WASHINGTON — The primary value of the recently released Missile Defense Review is to expand the focus of missile defense to include the new threats from cruise missiles and hypersonic weapons, and to provide clear guidance, focus and integration of views to the programs, two of the top leaders on the issue said Jan. 23.
The review “really does usher in the next generation of missile defense” against “not just ballistic missiles but also cruise and hypersonics,” said John Rood, the undersecretary of Defense for Policy, who led the effort to draft the new review that was released Jan. 17.
Noting the early resistance to a comprehensive program to defend the nation against ballistic missiles, Rood said, “we have come a long way,” and have a goal “not to just pursue the initial stages of missile defense, but to outpace the threat, against missiles of all variety.”
The biggest benefit to his agency was clear guidance and focus coming from the review and the strong endorsement from President Donald Trump, said Air Force Lt. Gen. Samuel Greaves, director of the Missile Defense Agency (MDA).
“We have direction and knowledge of where we need to go. It’s time to get things done,” Greaves said, joining Rood at a briefing on Capitol Hill sponsored by the Missile Defense Advocacy Alliance.
The expanded focus of the review was highlighted by the change in its title, dropping the word “ballistic,” which was in the previous reviews and in the early days of this one.
The added emphasis on hypersonic weapons is to account for their different flight paths, which significantly increases the need for space-based sensors and possibly space-based interceptors, the two officials said.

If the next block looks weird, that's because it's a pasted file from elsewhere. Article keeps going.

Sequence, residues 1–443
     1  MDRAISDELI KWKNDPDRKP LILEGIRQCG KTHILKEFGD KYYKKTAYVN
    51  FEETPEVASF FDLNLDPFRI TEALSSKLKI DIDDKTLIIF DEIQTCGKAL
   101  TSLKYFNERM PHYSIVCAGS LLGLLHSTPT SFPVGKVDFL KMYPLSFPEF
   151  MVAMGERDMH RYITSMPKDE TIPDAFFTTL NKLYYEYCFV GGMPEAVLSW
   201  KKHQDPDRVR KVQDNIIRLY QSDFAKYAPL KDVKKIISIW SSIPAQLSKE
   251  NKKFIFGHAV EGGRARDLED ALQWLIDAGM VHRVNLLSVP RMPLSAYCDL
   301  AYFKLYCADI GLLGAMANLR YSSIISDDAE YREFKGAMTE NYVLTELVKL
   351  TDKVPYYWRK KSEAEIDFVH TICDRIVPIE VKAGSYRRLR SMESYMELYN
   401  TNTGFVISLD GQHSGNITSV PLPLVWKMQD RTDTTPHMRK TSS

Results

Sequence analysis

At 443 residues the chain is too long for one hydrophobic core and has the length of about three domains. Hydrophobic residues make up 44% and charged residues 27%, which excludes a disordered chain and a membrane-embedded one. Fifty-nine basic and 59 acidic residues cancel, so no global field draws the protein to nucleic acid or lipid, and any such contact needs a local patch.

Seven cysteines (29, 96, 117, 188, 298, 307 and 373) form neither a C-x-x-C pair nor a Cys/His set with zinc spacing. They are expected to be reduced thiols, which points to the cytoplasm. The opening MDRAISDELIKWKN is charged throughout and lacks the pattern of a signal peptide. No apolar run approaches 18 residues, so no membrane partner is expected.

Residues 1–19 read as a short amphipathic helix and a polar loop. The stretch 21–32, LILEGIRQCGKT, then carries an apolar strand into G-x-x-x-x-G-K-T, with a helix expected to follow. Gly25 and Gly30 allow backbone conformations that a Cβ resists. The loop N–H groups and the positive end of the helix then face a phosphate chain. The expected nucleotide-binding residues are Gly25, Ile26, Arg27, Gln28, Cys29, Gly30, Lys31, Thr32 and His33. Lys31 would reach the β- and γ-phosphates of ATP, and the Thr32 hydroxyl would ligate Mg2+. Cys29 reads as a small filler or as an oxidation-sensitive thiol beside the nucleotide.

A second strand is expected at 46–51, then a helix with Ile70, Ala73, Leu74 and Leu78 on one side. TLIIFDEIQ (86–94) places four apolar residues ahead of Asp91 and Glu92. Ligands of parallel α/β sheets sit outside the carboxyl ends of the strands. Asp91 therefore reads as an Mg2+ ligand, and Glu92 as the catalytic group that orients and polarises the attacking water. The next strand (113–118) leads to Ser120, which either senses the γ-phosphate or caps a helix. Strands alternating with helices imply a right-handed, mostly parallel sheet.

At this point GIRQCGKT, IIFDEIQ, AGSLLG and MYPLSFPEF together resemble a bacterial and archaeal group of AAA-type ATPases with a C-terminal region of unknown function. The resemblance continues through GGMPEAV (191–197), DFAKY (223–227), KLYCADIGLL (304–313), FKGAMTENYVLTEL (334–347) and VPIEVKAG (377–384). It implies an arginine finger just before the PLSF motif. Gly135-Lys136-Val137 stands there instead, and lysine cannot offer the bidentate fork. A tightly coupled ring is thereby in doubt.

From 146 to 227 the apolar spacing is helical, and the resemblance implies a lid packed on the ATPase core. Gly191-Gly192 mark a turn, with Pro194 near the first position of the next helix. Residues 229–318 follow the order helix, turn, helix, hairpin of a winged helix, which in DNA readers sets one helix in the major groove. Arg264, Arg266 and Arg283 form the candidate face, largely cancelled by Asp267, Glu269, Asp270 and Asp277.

Unlike ballistic missiles that fly a high trajectory into space and generally plunge directly to their targets, hypersonic weapons can fly at a low altitude and at speeds exceeding five times the speed of sound. And, like the low-flying cruise missiles, they may maneuver to complicate interception.
Citing the reports of tests of hypersonic weapons by Russia and China, Greaves said the space component of the multilayered defense MDA developed to counter ballistic missiles “is absolutely critical” to be able to “find, fix and track hypersonics.” To intercept a maneuvering hypersonic threat, they will need “birth-to-death track. We will need to do that from space.”
Countering hypersonic weapons also accentuates the quest for directed energy, or lasers, as an interceptor, he said, while noting the challenge of developing that capability.
But while highlighting the new focus on the emerging threats, both officials stressed the need to continue progress on the existing primarily land- and sea-based sensors and interceptors
against the growing arsenals of ballistic missiles being fielded by “rogue states” such as North Korea and Iran.
Greaves said his top priority was to “maintain the focus on sustaining” the fielded missile defense system, with the second priority to “increase the engagement capabilities of those systems — to do more with what we have.” His third priority was to “rapidly address the advanced threats.”
Improving the existing missile defense included fielding a “multi-object kill vehicle” for the ground-based interceptors in Alaska and California, new radars in the Pacific and Alaska, testing and fielding the SM-3 block IIA missiles for the Navy’s Aegis-equipped warships and enhancing the command and control network.
Rood said under the strategy set by the new review, “homeland defense will be prioritized against all others.” They will continue with “today’s generation of technology and field new technologies that are significantly more capable” to deal with the rogue states, he said.
But, he added, because Russia and China have very large arsenals of ballistic missiles, “we rely on deterrence,” meaning the threat of a counter strike by nuclear missiles.
That appeared to counter the impression left by Trump’s comments at the review’s unveiling that the proposed new defense would be able to defeat Russia’s missiles.